Most Broadway shows — including “Moulin Rouge,” “Hadestown,” “Harry Potter and the Cursed Child” and “Aladdin” — canceled their performances.

On the sidewalks outside the theaters, the casts staged impromptu outdoor shows. Performers from “Waitress” and “Come From Away” sang versions of songs from their shows, and actors from “Hadestown” improvised a blackout-themed song of one of its songs.

Carnegie Hall announced it was canceling all performances Saturday night. At Lincoln Center, a performance from the Mark Morris Dance Group was canceled, but outside, the Midsummer Night Swing band kept going.

At the Jennifer Lopez birthday-themed extravaganza at Madison Square Garden, the outage occurred during the fourth song. The lights had been shining and the bass thumping and the opening notes of “Dinero,” Ms. Lopez’s hit Latin pop song, had sounded. A crew of dancers was onstage.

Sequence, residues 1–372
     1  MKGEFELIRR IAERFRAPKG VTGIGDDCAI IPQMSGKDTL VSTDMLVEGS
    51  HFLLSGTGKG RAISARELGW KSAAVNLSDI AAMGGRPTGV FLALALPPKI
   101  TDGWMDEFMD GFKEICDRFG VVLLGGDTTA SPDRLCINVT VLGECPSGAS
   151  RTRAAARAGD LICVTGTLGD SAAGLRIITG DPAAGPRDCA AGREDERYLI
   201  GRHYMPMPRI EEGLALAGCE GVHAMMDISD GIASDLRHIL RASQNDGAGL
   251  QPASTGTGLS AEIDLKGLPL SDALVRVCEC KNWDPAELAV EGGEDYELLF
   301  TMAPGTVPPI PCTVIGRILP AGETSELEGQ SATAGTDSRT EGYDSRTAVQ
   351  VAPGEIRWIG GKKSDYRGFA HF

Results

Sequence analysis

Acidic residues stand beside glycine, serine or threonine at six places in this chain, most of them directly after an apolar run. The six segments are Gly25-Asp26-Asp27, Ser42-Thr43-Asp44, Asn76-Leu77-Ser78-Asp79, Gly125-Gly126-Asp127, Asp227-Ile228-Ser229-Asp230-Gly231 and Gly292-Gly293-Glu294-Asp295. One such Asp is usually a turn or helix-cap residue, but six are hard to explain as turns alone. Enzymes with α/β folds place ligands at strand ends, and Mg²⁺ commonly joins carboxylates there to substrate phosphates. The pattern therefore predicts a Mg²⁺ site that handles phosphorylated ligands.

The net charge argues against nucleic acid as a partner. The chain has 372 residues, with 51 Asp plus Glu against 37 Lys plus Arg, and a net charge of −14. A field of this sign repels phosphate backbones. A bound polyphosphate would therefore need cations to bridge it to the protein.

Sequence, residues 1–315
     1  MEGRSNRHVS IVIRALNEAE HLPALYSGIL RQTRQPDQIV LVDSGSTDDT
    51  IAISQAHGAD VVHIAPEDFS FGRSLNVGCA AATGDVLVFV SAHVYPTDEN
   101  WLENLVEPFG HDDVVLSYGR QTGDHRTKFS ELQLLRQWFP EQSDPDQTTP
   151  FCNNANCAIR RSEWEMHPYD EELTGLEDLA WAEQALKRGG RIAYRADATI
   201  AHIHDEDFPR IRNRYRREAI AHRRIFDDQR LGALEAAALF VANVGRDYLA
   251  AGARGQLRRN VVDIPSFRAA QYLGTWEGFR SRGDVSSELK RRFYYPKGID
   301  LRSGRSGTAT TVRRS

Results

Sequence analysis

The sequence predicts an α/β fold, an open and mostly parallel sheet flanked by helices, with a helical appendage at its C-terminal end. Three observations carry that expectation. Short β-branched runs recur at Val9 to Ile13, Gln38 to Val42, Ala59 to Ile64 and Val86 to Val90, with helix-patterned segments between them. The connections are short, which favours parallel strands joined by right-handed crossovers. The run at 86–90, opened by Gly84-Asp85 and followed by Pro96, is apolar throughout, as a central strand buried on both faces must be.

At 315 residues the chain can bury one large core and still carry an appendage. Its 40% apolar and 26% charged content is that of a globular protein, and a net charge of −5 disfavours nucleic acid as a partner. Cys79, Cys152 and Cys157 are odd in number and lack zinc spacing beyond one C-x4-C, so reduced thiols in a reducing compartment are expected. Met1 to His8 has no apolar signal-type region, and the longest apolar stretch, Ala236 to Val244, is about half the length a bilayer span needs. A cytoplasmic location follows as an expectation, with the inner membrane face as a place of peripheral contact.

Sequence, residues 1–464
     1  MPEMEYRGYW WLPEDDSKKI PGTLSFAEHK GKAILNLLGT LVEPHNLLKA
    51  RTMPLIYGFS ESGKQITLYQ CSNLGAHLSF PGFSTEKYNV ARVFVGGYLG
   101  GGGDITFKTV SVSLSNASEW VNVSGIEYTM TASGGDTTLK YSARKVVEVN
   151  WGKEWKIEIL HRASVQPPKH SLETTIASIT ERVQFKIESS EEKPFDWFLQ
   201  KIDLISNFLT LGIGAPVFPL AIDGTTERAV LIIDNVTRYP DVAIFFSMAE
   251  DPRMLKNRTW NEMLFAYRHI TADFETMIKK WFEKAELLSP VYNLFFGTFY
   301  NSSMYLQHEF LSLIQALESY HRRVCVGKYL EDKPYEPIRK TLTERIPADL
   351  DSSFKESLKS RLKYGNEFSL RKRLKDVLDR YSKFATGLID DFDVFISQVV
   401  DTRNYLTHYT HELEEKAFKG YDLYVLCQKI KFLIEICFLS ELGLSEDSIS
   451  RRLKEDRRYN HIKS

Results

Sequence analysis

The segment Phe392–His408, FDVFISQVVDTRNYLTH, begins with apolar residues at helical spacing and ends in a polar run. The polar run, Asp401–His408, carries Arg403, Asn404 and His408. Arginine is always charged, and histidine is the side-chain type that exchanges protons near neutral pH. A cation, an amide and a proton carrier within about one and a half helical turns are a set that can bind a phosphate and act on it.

Suddenly, the lights went dark, and the speakers fell silent. The only sound was a live drum set, still playing as dancers continued their routine.

It became quickly apparent that this was not part of the act when Ms. Lopez appeared onstage to no fanfare. She made her way to a platform that extended to the middle of the floor. She appeared to be speaking, gesturing for fans to stay put. But with her microphone out, her message could not be heard.

After a while, a backup generator kicked in, and the lights came up.

Minutes later, a high-pitched siren wailed, and the audience was told to leave.